Issued by Pari and Casac
First published on the Public Affairs Research Institute website
Today marks a year since Chief Justice Zondo delivered the Report of the Commission on State Capture to President Ramaphosa marking the end of a four-year long process of investigations and public hearings.
The Report contained several recommendations about how to hold the perpetrators of state capture accountable as well as broader recommendations on how to reform state institutions to prevent the recurrence of state capture in future.
The President has since submitted an implementation plan to the National Assembly, and the National Assembly has also developed its own plan to monitor and implement the commission’s recommendations. Yet, a year on, too little has been done. While we acknowledge there are some efforts underway to rebuild institutions after the height of state capture and to begin to professionalise the public administration, the pace and breadth of reform is inadequate – from developing a fit-for-purpose anti-corruption architecture, through addressing SOE governance failures, and more.
The legislative reform programme submitted by the President has not picked up any steam and will likely not be achieved before the current Parliament is dissolved ahead of the elections next year. The National Assembly on the other hand has not adopted some of the key recommendations made by the commission which would improve its effectiveness in conducting its oversight functions over the executive.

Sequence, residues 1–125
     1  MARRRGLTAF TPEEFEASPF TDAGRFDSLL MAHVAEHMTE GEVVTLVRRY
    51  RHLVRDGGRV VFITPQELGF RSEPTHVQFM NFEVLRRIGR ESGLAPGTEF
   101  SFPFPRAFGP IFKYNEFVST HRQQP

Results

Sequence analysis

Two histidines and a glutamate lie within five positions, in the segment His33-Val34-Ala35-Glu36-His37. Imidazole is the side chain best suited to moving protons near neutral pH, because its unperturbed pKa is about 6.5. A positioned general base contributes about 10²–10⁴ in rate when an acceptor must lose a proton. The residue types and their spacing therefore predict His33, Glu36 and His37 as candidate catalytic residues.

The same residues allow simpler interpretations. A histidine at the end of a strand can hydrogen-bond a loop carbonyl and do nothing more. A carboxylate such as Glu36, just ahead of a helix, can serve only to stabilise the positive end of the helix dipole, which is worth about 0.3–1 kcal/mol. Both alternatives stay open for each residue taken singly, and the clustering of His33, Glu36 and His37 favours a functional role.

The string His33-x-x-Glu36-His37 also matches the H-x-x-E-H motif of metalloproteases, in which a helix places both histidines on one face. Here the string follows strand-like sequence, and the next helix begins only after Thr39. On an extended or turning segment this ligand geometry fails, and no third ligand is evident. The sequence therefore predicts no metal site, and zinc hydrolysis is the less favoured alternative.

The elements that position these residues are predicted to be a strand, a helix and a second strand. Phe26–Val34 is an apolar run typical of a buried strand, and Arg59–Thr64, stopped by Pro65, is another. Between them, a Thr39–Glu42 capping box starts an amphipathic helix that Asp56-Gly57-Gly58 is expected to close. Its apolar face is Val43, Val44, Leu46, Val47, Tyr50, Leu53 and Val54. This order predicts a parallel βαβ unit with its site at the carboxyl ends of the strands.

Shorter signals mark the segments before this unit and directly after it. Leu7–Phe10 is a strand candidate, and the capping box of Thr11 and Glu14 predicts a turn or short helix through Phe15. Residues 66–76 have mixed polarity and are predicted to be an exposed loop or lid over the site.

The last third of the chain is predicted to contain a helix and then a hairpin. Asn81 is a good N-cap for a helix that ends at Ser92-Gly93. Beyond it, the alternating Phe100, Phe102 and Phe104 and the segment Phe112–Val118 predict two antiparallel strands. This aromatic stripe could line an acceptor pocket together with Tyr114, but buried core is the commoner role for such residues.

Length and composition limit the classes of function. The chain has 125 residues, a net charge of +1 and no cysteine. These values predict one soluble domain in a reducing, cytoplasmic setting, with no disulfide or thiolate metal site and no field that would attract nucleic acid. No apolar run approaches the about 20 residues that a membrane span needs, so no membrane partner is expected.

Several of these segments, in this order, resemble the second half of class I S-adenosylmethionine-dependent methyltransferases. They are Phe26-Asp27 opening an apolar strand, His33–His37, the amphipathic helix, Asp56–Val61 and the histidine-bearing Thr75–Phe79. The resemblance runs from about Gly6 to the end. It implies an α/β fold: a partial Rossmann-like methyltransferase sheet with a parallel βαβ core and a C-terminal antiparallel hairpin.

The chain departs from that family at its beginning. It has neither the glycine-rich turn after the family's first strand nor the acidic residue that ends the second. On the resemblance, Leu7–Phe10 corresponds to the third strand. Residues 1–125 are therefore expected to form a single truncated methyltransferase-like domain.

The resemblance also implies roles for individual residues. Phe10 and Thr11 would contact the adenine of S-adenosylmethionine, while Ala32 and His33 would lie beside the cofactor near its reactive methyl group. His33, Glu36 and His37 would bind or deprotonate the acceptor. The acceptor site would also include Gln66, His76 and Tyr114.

The implementation of the recommendations remains a time sensitive issue that should be at the top of our national agenda. It is imperative that political leadership show South Africans that the commission’s work was not in vain, and that real change will follow from its recommendations.
Having hosted a joint conference on the Commission’s Report and its recommendations last year, CASAC and PARI intend to host a follow-up conference later this year in October 2023 that will focus on assessing the progress made in the implementation of the recommendations, reviewing the content of pending legislative and policy proposals, as well as identifying opportunities for broader state reform to strengthen democratic governance.
For further enquiries:
Lawson Naidoo, executive secretary, Casac, 073 158 5736
Sarah Meny-Gibert, state reform programme lead, Pari, firstname.lastname@example.org